Here’s my schematic and board design for a simple low side switch using a N channel mosfet. It’s a simple circuit that has a input for positive and negative and an output for positive and negative connections. Pretty self explanatory. It seems like every time I go to work with mosfets I have to spend a good 5-10 minutes reminding myself how they work. So here’s a reminder to myself for the next time I go looking and maybe it’ll help somebody else out.
You can download the board file here. For reference, the mosfet I’m currently using is this which is a TO-252 package, where the gate to source threshold voltage of 2.4V and a maximum gate to source voltage of 20V. I typically prefer a high side switch for protection reasons but this has it’s use as well. Specifically, this type of switch is often used with a microcontroller to control power to something since the 0V and 5V that a microcontroller can produce is enough to switch the circuit.
In this case I’m using this circuit board as a switch to control power between the input and the output sides. The key thing here is that the positive line passes straight through which means that the circuit will always have a connection to power. The switch blocks the return path to ground so that no current flows until the switch is flipped. R1 is a resistor that pulls the the gate down to ground so that if the switch becomes disconnected thigs don’t go crazy. Even when controlling this with a microcontoller instead of a switch, you should always (yes always) have this resistor in place. When the switch is open, the voltage between gate and source is zero so no current flows. When the switch is closed, the gate is pulled up to the positive voltage input (8V in this case) and Vgs is 8V which is above the threshold of 2.4V so current flows through the fet.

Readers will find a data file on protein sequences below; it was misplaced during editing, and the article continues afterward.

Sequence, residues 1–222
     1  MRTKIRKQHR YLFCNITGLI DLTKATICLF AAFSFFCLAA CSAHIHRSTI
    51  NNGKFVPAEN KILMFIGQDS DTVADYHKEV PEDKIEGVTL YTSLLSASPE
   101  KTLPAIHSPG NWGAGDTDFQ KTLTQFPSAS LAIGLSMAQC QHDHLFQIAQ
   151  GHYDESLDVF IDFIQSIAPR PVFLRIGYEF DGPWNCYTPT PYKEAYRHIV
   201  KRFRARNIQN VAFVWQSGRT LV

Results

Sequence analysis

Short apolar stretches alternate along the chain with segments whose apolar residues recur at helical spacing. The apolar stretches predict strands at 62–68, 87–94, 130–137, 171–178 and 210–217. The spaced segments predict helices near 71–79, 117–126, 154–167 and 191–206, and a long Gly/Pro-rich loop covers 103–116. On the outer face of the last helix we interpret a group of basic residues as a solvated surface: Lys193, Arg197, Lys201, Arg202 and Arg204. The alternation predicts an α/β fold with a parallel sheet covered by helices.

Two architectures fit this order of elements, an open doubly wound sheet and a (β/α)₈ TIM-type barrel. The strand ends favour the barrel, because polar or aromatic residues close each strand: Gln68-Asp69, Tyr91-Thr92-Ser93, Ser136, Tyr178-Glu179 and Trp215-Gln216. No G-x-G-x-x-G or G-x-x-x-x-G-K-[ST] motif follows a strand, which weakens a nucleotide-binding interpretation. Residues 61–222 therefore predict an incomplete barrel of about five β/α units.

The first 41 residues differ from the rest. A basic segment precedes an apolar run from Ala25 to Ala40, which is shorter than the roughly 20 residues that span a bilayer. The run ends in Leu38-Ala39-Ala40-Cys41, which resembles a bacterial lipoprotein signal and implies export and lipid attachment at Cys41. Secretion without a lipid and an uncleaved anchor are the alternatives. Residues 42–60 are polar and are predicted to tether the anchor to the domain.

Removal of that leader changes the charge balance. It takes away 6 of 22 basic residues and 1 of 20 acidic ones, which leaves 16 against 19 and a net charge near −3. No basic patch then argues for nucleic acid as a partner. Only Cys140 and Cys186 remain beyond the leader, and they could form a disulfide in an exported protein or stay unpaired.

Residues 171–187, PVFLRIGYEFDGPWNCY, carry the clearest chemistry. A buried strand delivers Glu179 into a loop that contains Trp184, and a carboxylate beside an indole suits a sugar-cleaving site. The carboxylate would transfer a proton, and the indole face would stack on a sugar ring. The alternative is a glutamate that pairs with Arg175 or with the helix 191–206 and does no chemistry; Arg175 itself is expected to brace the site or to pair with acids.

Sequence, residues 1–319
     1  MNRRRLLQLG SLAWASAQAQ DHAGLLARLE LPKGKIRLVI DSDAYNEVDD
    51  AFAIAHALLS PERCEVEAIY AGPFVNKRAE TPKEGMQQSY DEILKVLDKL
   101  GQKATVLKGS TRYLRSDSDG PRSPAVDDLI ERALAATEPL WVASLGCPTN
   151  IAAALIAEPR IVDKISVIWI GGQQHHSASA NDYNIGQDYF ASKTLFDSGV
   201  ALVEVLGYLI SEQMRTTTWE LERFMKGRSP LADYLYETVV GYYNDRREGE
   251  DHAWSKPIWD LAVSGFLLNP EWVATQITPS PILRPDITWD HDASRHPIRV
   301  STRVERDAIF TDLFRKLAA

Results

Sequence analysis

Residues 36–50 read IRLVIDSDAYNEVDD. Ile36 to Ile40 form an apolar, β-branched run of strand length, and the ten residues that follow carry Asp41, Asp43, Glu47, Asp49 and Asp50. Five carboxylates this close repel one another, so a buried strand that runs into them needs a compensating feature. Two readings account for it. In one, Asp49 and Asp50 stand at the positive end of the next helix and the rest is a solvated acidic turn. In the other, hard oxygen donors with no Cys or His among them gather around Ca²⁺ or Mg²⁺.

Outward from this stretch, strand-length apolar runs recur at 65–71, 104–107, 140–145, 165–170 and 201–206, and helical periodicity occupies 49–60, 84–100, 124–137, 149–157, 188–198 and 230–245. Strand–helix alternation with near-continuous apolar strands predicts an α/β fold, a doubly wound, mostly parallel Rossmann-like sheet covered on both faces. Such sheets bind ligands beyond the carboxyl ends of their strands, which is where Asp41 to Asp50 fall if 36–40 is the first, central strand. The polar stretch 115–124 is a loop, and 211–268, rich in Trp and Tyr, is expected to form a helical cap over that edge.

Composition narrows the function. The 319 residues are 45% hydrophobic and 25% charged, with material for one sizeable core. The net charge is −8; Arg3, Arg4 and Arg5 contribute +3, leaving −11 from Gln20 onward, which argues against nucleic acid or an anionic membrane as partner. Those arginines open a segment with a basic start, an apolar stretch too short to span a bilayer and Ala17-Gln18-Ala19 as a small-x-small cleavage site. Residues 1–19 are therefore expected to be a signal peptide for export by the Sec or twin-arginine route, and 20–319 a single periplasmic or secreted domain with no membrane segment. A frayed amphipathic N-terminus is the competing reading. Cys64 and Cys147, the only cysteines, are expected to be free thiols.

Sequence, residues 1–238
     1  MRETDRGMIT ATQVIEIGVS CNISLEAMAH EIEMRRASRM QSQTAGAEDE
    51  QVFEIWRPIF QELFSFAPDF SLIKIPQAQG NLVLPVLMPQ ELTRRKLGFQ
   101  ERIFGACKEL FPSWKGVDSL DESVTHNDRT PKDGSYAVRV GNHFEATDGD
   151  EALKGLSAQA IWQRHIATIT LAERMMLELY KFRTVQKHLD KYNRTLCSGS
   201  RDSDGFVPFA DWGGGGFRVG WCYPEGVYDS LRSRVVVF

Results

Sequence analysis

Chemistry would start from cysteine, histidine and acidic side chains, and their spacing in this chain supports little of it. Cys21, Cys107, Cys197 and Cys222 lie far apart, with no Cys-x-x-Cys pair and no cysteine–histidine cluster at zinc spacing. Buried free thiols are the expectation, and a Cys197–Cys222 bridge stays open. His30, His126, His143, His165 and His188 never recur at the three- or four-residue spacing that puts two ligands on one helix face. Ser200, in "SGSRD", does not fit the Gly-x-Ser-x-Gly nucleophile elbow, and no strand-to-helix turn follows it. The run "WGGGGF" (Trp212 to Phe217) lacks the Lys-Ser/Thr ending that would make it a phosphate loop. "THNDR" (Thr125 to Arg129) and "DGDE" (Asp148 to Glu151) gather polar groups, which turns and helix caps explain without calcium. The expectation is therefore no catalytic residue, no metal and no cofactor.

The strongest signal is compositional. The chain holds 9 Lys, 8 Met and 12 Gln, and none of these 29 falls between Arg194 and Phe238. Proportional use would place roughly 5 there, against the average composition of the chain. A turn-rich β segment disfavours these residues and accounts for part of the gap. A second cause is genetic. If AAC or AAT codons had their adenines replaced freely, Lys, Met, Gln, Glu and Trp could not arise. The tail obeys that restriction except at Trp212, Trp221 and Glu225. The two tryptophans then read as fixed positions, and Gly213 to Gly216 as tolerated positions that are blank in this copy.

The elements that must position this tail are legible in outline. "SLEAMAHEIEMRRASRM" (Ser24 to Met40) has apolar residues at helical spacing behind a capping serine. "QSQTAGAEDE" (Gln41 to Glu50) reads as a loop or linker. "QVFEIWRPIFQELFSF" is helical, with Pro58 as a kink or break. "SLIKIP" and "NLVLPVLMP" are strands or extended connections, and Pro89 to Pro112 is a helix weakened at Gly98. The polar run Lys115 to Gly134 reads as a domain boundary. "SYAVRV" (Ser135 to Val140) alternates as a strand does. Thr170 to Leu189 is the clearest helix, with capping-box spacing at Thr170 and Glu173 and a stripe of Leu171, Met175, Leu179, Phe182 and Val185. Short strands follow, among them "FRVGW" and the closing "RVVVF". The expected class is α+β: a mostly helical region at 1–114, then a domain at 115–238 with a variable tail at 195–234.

WARNING: Note that if you use this as a switch then you are leaving your circuit connected to power but not connected to ground. This means that if anything comes loose and makes that connection to ground, you could be screwed.
Here are a couple good resources for fets: